• Employment as a factor of migration accounts for 21.5 per cent. Migration for employment is mainly male migration, males contributing 42.5 per cent and females only 3.6 per cent.
  • It has also lowest co-efficient of spatial disparity (39.4 per cent).
  • The high co-efficient of spatial disparity in all other reasons is explained in terms of various facilities provided by different cities.
  • Similarly, spatial disparity is lowest in marriage migration within the state, inter-district (34.6 per cent)

Male migration in urban areas

  • Migration plays significant role in urban growth. Towns and cities are the new centres of economic activities where migration occurs due to undergoing industrialization, trade, transport and construction activities and other informal sector activities.
  • They have capacity to provide employment opportunities and attract population from rural areas addition to this; there is movement between urban areas, which indicates the circulation of population among them according to the degree oftheir pull and their capacity to absorb migrants.
  • In order to understand this phenomenon, it is necessary to examine the role oftotal migrants in urban population, as well as their break up into rural-urban migrants and urban migrants.

Rural-urban flow

  • Though, generally all male migration is in search of better economic opportunities, rural-urban flow has special significance as it represents the shift away from agriculture.
  • Rural- urban flow is distinctly male selective in contrast to migration within rural areas which is dominated by females.
  • The peculiar economic base of urban places in the state still continuing prejudice (though gradually declining) against female employment and mobility, residential problems in towns and persistence of the joint family system in rural areas account for the excess of males among the rural-urban migrants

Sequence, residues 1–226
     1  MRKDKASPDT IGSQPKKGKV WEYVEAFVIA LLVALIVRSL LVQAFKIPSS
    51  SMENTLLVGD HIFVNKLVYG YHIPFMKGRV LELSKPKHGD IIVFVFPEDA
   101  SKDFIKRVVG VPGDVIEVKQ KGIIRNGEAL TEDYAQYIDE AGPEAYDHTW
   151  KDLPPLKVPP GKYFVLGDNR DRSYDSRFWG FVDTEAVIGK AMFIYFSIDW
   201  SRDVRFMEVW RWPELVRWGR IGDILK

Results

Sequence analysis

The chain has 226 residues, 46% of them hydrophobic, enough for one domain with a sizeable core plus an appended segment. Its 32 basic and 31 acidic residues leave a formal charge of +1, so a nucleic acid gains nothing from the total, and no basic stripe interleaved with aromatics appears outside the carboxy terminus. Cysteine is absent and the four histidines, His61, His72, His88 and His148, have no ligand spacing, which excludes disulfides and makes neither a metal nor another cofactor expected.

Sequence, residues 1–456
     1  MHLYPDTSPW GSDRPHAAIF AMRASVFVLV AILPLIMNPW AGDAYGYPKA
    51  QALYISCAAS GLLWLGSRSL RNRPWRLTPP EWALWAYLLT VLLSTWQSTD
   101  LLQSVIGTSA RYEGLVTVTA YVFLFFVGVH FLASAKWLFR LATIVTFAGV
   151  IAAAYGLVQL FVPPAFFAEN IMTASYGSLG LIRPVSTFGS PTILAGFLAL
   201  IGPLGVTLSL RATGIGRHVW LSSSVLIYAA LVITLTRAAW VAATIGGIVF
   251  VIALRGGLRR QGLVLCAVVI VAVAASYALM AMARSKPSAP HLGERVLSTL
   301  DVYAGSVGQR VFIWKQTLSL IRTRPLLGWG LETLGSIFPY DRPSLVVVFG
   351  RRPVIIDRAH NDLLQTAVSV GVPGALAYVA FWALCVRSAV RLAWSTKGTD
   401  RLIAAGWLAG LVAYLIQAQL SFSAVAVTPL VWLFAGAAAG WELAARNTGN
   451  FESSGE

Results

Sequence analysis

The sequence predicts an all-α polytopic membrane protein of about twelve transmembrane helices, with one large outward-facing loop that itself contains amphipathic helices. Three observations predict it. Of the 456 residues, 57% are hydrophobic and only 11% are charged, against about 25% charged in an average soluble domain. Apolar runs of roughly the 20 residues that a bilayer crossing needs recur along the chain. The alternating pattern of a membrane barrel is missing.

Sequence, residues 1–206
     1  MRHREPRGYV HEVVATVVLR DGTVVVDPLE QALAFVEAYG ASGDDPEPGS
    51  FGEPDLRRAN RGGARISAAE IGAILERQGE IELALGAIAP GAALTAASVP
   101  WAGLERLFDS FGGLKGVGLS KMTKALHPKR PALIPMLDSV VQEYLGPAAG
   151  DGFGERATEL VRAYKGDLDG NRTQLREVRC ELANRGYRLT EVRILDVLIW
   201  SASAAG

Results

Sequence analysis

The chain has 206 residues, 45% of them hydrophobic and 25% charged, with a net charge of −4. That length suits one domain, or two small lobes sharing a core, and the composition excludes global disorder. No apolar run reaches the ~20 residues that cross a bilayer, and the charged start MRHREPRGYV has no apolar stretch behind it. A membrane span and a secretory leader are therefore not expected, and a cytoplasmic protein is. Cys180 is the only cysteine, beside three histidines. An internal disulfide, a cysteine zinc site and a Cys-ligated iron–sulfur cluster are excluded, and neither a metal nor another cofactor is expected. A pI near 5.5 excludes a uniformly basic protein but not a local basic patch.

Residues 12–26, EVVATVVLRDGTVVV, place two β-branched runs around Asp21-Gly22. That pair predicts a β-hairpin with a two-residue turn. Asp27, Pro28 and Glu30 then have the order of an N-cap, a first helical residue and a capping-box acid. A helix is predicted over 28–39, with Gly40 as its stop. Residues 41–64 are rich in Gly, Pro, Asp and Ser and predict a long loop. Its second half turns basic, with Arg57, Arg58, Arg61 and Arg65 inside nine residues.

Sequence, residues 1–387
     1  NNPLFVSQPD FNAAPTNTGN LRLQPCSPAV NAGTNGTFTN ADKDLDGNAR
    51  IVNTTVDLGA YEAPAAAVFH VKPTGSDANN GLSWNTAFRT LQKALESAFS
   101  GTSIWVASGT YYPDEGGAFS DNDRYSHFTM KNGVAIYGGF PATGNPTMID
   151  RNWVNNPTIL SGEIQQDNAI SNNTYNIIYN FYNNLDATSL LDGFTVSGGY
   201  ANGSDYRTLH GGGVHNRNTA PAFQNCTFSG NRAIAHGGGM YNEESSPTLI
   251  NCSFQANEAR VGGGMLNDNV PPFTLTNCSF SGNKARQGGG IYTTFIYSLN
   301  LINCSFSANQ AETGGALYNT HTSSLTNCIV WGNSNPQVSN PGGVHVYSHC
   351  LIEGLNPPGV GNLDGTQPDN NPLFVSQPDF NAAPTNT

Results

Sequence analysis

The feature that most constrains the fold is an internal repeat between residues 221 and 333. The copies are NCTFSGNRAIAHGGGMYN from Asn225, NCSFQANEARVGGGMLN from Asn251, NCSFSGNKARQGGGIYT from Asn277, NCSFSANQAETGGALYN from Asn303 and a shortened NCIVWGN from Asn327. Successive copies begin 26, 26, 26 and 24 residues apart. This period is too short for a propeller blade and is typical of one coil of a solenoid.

Urban -urban flow

  • This flow indicates urban turnover. Rural migrants, migrating to cities and towns in search of employment, if not absorbed in one city or town move to other.
  • Sometimes, even those who are absorbed, after sometime, migrate from small town to large cities for bettering their prospects.
  • Nearly two-fifth (2.8 hundred thousand) of total migrants in urban male population has moved from urban areas to urban areas.
  • The percentage of urban-urban migrants is higher i.e. more than three-fifth in Ambala, while in Yamunanagar, Kurukshetra, Karnal, Faridabad, Gurgaon and Sirsa districts, it ranges between 40-50 per cent.
  • The remaining districts like Panipat, Kaithal, Rewari, and Hisar have nearly one-third of migrants in urban male population coming from urban areas.
  • The rest are in lowest category ranging between 20-30 per cent. It means that as in case ofrural-urban flow, here we do not find uniform pattern.

Rural-rural flow

  • Out of 4.2 hundred thousand male migrants in rural population, more than four-fifth of these migrants are rural-rural migrants.
  • Spatially, rural-rural migration is more significant in all districts. More than 75 per cent of migrants in these districts have migrated from rural areas Rohtak district runs first with 92.7 per cent. Rural-rural flow is mostly within the state, intra-district flow, Nearly three-fifth of the total rural-rural migration is within the state.
  • In Sonipat and Sirsa districts, people have migrated from rural areas of other states also. There is more intra-district rural-rural male migrants than inter-district.

Migration to rural areas

  • In states that are primarily agrarian, Movement of people may take place from one rural or urban area to another.
  • For instance, in Haryana, redistributed tendencies have been observed with regard to rural population in response to the changing pattern of employment potential of different areas.